Wind and solar company latest to keep faith with Scotland amid Brexit confusion
ENERGIEKONTOR, a German wind and solar energy business, plans to build a 12 turbine windfarm in the Borders near Hawick.
The firm which has wings in Leeds, Glasgow and the Netherlands is in the process of gaining planning permission from local authorities which will result in the project called Pines Burn.
All twelve turbines would have the potential to supply electricity to around 29,000 households and comes after fears that the UK leaving the European Union could have damaging effects on inward renewables investment.
Speaking to CommonSpace about the Pine Burn projects, Duncan Taylor project manager for Energiekontor said: “The Pines Burn development is Energiekontor’s first application from a Scottish portfolio totalling in excess of 600 megawatts (MWs).
“If consented the development could be one of the first to operate without any public support mechanisms – an encouraging thought when the industry is undergoing significant change.
“In the context of Brexit and Indyref2 we remain committed to the Scottish market, and confident in the Scottish Government’s commitment to renewables.”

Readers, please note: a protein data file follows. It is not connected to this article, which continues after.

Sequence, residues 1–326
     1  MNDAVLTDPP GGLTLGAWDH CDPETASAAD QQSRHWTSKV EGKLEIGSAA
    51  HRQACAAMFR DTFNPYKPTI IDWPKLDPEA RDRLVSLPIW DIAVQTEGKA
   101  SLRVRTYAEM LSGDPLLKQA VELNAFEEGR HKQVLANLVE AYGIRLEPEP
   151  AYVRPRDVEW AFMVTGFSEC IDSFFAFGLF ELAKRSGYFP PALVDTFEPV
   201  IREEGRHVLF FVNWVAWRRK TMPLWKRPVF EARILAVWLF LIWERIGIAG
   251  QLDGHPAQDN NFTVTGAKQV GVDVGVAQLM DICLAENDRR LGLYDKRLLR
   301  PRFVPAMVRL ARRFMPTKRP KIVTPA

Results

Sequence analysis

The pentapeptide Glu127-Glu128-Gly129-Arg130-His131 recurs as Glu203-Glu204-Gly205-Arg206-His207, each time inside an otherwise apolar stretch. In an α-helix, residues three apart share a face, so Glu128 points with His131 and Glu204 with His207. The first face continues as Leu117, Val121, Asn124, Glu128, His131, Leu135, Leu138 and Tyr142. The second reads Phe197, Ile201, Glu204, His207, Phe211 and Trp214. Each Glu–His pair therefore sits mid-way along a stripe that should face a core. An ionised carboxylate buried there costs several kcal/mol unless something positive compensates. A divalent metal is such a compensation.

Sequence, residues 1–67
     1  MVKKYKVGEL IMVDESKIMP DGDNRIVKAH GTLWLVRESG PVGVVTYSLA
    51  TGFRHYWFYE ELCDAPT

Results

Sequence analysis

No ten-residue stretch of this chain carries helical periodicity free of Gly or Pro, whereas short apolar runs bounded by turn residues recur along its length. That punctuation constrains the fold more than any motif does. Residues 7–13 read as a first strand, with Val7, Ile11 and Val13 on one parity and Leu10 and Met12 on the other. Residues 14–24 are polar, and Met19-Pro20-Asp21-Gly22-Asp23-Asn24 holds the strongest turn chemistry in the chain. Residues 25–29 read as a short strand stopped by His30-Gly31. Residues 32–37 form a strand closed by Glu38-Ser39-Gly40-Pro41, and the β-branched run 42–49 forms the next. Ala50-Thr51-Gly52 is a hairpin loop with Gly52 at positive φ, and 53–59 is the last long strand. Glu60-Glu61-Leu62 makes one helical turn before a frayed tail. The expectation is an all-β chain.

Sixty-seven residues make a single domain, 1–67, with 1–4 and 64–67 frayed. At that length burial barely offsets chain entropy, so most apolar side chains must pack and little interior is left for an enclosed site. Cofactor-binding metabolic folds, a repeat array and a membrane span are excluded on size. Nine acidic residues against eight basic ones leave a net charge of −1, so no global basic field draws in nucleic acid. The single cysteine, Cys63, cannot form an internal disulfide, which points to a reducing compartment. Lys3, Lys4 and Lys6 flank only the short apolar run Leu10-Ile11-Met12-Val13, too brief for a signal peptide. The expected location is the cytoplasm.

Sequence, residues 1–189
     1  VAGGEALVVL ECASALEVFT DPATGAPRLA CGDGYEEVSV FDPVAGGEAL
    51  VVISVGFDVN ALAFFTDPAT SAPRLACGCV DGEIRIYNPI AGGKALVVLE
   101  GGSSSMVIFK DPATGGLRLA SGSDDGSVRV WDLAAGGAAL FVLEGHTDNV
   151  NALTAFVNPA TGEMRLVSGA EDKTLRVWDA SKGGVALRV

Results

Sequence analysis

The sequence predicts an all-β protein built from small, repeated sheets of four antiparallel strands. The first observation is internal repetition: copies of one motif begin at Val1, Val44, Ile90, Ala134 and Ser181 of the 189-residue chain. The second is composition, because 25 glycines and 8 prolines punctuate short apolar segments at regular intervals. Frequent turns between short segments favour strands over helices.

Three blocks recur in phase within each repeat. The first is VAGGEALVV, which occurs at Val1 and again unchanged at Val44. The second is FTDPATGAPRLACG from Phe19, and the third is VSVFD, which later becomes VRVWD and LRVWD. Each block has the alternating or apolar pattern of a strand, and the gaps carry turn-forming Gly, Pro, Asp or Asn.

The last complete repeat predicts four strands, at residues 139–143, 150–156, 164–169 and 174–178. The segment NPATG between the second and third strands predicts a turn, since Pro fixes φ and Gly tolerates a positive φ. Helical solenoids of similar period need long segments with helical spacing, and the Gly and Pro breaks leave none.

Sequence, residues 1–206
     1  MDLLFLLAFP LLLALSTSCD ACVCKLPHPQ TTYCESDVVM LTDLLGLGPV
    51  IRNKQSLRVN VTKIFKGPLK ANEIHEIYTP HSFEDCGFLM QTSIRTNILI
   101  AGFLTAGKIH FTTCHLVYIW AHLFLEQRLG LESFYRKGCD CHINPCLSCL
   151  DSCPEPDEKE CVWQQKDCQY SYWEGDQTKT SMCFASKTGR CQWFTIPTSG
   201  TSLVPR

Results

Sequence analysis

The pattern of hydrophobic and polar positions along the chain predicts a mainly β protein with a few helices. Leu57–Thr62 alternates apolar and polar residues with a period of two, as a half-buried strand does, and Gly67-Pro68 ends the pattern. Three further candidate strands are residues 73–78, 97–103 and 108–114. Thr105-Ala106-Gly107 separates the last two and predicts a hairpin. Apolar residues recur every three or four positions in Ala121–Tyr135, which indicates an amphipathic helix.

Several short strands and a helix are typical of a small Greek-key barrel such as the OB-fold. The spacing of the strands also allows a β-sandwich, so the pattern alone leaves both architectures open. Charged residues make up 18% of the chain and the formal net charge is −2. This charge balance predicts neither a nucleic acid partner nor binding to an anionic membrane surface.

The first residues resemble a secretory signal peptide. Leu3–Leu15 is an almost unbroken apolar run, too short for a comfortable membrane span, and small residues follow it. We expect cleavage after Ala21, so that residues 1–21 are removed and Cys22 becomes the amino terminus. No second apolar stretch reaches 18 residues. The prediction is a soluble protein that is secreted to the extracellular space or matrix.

The parent group Energiekontor AG was originally established in northern Germany around 1990 and has gone on to develop 90 windfarms in Germany, Portugal and the UK with a total capacity of 700 MW with an investment of up to £750m.
“In the context of Brexit and Indyref2 we remain committed to the Scottish market, and confident in the Scottish Government’s commitment to renewables.” Duncan Taylor
Each turbine in the proposed windfarm would generate up to 3MW meaning a total capacity of 45MW being produced for local electricity needs. According to research by the Idaho Public Utilities Commission, roughly 1MW per hour can potentially supply electricity to about 650 residential homes.
If approved and completed the Pines Burn project would mean an increase in the amount of sustainable energy directed towards the borders region which has historically lagged behind the north-east and west lothian regions.
After a period of 25 years the proposed development there is the option to have the turbines removed and the area restored to its pre-construction condition.
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